The company needed direction if it was going to survive the recession and evolve into its next form. 

So, the company launched “My Starbucks Idea” in April and simply let its customers tell it what to change. It wasn’t just a simple site for collecting customer suggestions, though. It was a whole forum. Customers connected with each other and developed passionate groups that shared tips and news with each other.  

In the end, some of Starbucks’ most popular changes were the results of feedback they received from this community: Its rewards programs, free Wi-Fi in every store, and mobile payment were all implemented thanks to this program. But that’s not all. During this time, customers also suggested flavor options. You can thank the enthusiastic users of My Starbucks Idea for flavors like the Mocha Coconut Frappuccino, the Hazelnut Macchiato, and even the instant version of the infamous Pumpkin Spice Latte. 

By inviting customers in to be a part of its next steps, the company fueled customer loyalty while getting insight into customer demand. Starbucks managed to increase revenue in 2008, even as consumers cut back on daily expenses like coffee and snacks. Starbucks survived the recession and continued to develop a reputation for being customer centric. 

Use data to support decision-making

While soliciting direct customer feedback is great (as Starbucks knows), adding other data (like market research, current customer behavior on sites and apps, and visit history) can add context that shows a fuller picture, helping you better understand your customers. 

A great real-world example of the power of data can be found in the story of how LEGO managed to grow in the 2008 recession after struggling for years. Before the recession, the company’s creative process was closed to the public (so, there’s not much information available about it), but it didn’t yet involve a lot of data about its customers. Sales revenue was crawling at 2.9% in 2007

The LEGO CEO, Jørgen Knudstorp, added market research to its creative process and discovered a market segment that many toy brands were ignoring: adults. Millennials had just started reaching adulthood, and their spending habits were different from previous generations. They were eager to spend money on collectible toys and franchise-themed LEGO sets.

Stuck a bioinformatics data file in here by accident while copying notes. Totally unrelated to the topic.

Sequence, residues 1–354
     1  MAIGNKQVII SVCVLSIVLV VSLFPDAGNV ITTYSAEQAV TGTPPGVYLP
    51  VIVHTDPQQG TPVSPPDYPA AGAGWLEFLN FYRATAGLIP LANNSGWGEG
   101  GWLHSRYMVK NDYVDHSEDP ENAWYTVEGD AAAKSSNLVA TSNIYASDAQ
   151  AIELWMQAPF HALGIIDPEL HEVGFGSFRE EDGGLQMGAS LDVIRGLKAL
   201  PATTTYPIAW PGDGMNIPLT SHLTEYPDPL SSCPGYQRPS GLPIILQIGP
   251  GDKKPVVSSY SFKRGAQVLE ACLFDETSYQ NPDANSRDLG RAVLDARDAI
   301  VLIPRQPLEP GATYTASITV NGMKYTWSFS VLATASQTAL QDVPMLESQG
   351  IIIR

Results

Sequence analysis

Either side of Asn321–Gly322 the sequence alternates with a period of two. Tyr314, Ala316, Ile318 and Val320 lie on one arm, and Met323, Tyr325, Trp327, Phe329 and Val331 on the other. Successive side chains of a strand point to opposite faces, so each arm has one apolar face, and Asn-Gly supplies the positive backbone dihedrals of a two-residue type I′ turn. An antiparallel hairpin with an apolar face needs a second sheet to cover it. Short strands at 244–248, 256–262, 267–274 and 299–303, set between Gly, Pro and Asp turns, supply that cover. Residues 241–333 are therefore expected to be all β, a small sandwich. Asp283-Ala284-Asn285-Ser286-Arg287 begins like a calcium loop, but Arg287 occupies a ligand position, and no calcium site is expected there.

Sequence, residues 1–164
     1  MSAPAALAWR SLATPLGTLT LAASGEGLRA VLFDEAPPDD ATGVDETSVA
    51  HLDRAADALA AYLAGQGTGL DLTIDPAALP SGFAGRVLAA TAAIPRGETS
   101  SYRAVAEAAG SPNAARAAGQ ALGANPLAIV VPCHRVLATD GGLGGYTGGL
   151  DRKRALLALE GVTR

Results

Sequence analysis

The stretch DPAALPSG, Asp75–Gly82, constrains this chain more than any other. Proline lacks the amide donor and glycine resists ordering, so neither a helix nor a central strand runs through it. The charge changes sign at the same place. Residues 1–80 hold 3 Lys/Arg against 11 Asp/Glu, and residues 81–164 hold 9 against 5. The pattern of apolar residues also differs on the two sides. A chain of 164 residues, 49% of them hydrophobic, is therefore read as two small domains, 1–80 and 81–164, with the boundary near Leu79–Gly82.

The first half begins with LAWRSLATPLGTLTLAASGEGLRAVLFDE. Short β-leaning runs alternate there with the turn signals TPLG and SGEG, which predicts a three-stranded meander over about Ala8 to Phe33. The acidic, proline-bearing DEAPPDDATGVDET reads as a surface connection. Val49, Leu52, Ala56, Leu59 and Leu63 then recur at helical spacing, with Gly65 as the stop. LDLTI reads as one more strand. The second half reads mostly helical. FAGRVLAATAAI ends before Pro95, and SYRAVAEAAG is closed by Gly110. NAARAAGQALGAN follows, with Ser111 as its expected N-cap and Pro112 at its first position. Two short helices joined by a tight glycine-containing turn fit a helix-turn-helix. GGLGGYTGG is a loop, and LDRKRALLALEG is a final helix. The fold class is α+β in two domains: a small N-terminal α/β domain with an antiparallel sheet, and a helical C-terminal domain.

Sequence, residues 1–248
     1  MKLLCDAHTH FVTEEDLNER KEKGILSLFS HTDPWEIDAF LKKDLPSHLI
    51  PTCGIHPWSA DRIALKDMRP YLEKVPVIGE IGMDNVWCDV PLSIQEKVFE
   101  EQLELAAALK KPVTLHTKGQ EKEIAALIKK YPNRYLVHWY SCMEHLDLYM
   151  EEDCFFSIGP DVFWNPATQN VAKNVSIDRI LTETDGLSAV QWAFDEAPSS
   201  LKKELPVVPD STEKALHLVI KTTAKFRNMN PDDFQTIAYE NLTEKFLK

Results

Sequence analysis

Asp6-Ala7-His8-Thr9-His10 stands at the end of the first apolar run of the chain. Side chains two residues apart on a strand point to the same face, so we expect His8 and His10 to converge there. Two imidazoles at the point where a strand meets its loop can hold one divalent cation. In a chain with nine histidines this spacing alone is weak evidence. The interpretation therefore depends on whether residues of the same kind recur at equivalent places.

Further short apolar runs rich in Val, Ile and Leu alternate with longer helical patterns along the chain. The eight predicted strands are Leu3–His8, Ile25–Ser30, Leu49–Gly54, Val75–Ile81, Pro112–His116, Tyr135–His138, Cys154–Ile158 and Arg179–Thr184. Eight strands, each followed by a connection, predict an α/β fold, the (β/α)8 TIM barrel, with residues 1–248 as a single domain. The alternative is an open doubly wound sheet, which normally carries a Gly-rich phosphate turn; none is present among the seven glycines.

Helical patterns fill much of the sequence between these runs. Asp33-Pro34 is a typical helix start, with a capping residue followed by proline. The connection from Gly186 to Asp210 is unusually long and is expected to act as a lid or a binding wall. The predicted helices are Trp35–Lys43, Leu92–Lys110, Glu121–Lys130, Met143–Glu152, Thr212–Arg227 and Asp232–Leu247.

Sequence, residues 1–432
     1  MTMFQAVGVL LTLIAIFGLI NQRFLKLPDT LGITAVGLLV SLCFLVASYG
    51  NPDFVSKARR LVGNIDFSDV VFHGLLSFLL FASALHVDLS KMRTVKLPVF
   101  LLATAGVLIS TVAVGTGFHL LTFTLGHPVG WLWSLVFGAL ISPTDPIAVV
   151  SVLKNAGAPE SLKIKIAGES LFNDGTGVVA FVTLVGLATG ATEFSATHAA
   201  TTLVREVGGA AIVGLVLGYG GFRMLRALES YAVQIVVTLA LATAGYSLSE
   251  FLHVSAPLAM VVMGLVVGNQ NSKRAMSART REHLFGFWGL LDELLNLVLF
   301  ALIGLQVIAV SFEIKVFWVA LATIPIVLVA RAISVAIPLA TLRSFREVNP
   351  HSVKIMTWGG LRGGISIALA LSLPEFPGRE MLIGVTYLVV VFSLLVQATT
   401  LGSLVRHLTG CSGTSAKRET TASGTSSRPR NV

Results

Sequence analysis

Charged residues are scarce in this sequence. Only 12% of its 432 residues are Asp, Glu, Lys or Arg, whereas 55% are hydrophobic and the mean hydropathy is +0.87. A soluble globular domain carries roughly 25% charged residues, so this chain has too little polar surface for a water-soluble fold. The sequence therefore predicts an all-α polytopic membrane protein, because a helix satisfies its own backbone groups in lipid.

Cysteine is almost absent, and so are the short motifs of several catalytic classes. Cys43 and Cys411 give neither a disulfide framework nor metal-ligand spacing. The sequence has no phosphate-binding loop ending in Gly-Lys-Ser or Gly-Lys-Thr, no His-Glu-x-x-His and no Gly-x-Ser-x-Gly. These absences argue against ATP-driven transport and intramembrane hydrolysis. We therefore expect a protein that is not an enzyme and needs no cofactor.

LEGO immediately started releasing more themed sets aimed at adult customers and advertised to adults in its marketing too. Possibly the most notable release during this time was the Architecture series featuring LEGO versions of famous buildings. It was a stark departure from child-centric design and marketing. Sales revenue increased by 18.7% in 2008, and LEGO continues to dominate the market today with a passionate segment of adult customers. 

LEGO’s story is a great reminder that assuming you know what your customers want can be a dire mistake. And using data can be the secret to success during tough times.

These days, data can do more than it could in 2008. Now, many brands offer services that use data to provide personalized insights into individual customers. For example, first-party data can help you offer customers personalized suggestions based on previous purchases or on customers with similar purchase histories. This can go a long way toward making customers feel like they’re getting additional value from your brand. 

See the recession as an opportunity to adapt and grow

During a recession, the status quo is disrupted in big and little ways. This encourages even change-resistant businesses to consider new strategies. Wise brands will jump at the opportunity. 

  • Start by acknowledging that the changing economic landscape is going to change your marketing approach
  • Work with your team to openly discuss the potential risks you face in an uncertain economy
  • Use measurement platforms to identify and flag the parts of your current marketing strategy that could be misaligned during a recession
  • Consider your customers’ changing needs, and work with your team to think of out-the-box ways to address those issues. 
  • And consider investing in novel marketing channels, like CTV

Brian Quinn is U.S. President and GM at AppsFlyer.